At the end of the processes, the clear efficiency winner is the EV, with between 40 and 70% of the original energy going to the wheels of the car to move it (the rest is lost in heat, transmission, etc). That sounds bad, but hydrogen fuel cells are 33% efficient at best, and 23% at worst. Synthetic fuels only get from 6-18% of the original renewable energy to the wheels when all is said and done.
It’s pretty clear what technology makes the best use of renewable energy, and which is the worst.
Cost is even worse. The cost of fuel is anywhere from 2-10x worse in a vehicle using synthetic fuels compared to an EV. Over the course of a year, the cost of running synthetic can even be as bad as the whole purchase price of an EV!
And, that’s assuming they ever get the cost of synthetic fuels to $10/gallon (before tax and other expenses are built in). In reality, synthetic fuels are as bad as $38/gallon today, meaning the price of fuel is astronomical by ICE standards and universe-scale by EV standards. It just doesn’t make sense at any of these prices, and there are hard limits to lowering them in the future.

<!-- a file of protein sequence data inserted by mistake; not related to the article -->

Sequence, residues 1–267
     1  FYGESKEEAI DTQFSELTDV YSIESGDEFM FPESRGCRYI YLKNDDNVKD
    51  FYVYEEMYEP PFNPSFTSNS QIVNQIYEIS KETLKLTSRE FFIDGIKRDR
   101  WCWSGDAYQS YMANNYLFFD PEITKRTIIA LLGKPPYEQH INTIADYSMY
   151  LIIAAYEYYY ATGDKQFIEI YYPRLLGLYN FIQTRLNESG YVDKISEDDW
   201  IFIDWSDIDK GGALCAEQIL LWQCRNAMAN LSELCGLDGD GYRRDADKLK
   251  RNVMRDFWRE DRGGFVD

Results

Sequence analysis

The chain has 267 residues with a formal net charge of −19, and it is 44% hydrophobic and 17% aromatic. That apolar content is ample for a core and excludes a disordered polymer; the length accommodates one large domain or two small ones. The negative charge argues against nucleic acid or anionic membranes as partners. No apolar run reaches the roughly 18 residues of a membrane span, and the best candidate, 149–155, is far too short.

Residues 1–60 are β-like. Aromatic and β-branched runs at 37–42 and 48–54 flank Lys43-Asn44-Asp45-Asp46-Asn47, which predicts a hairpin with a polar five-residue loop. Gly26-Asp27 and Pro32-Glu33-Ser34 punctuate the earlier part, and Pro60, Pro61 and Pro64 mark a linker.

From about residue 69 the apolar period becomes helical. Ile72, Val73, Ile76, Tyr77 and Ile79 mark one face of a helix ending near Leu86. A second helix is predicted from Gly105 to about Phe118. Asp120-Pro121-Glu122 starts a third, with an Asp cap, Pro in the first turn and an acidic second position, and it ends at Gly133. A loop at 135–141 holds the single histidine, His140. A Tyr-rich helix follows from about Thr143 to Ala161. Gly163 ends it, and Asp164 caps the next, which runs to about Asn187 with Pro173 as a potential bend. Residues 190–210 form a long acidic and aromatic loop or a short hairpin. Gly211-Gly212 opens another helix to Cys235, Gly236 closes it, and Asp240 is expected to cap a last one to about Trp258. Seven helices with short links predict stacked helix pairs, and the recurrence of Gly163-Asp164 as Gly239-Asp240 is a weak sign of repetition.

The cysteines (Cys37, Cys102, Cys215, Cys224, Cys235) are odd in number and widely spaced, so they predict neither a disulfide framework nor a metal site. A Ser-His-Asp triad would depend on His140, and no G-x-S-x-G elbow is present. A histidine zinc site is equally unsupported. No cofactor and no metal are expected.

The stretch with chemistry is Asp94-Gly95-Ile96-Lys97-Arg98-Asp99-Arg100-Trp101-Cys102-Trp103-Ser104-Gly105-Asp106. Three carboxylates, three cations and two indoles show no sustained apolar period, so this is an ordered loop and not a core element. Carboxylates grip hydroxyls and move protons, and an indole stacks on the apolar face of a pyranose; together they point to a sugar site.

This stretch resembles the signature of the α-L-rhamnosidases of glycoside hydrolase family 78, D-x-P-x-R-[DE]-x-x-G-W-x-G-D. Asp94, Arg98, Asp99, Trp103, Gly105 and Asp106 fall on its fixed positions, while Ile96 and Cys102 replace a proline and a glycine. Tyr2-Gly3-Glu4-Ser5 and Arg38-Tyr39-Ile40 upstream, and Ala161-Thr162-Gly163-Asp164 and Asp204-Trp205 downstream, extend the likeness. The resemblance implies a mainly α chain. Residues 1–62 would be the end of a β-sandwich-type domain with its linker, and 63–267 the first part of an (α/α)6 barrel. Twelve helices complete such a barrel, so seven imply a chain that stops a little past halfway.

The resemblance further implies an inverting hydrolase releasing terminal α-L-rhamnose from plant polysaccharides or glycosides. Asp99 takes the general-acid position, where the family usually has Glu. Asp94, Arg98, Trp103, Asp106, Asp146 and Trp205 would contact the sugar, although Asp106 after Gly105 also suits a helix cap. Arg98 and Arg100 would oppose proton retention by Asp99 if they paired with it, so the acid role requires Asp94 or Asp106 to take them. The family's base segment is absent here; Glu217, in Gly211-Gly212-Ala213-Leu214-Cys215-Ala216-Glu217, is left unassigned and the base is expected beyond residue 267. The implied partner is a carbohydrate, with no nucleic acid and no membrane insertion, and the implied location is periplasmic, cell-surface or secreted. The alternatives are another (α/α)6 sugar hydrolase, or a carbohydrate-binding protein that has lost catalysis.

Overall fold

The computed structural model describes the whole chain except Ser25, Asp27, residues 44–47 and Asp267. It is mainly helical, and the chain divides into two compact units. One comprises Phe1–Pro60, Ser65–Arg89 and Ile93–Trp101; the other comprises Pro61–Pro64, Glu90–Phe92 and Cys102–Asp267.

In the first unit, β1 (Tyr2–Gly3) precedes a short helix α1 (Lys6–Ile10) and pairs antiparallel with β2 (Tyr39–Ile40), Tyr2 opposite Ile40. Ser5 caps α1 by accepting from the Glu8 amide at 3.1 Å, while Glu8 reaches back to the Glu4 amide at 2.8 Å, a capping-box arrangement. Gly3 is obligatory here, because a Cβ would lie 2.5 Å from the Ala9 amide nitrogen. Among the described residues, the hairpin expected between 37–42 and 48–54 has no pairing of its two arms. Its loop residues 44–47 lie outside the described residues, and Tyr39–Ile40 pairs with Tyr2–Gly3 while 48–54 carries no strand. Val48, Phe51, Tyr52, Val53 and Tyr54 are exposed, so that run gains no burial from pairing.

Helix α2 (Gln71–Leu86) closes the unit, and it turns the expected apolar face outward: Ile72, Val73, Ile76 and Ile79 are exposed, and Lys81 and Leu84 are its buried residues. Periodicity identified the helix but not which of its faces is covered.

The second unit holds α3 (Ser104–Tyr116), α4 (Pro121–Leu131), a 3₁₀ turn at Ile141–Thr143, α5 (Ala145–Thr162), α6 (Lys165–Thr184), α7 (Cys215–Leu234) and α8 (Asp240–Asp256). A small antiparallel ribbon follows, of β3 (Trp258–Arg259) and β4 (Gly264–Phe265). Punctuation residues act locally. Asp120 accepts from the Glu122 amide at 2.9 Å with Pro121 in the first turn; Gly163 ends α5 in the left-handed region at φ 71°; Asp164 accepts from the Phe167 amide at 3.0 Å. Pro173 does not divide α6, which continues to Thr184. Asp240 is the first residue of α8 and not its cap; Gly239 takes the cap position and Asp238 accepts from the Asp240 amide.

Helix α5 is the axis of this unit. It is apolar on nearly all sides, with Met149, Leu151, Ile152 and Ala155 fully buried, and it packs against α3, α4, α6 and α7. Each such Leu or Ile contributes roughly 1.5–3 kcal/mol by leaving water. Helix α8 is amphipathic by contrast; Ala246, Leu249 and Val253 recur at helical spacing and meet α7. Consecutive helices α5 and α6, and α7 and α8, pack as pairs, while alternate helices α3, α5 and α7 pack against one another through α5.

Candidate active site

Where Synthetic Fuels Might Make Sense (For Now)
If you’re buying fuel for an application that requires a lot of energy density, and the price doesn’t matter as much, synthetic fuels might be a good match. For a car, the big and heavy battery packs needed to make up for the low energy density of lithium-ion batteries isn’t that big of a deal. The added weight has disadvantages, of course, but they aren’t complete deal breakers that keep you from making it down the road.
For aviation and trans-oceanic shipping, it might make sense to use synthetic fuels. The extra size and weight of the enormous battery packs that would be needed leave no room for cargo on ships and would probably keep longer-range planes from even getting off the ground. Keep in mind, though, that this is only what the situation is today in 2021. As battery technology improves, synthetic fuels might not make sense for any application.
It’s worth noting that hydrogen might make sense for some energy storage applications, but only when long-terms storage is needed. However, alternatives like pumped storage may be better for trans-seasonal applications.
Limitations To This Comparison
Keep in mind that the video only ran a comparison between a full battery EV and a vehicle that uses synthetic fuels for all trips (short, long, city, highway — everything). The fact that the EV wins that competition is clear. The complexity and cost of synthetic fuel production is just too high to justify using them for cars and most trucks.
If we reduce gas burned by 90% or more, it isn’t that big of a deal when the remaining applications are still using fossil fuels. The overall environmental mix (90% of transportation uses batteries charged by renewables) might even be better than synthetic fuels because there’s far less waste on the 90% renewable side than there would be producing synthetic fuels.
There’s room to argue about that stuff, but not room to argue over synthetic fuels straight up burnt in an ICE.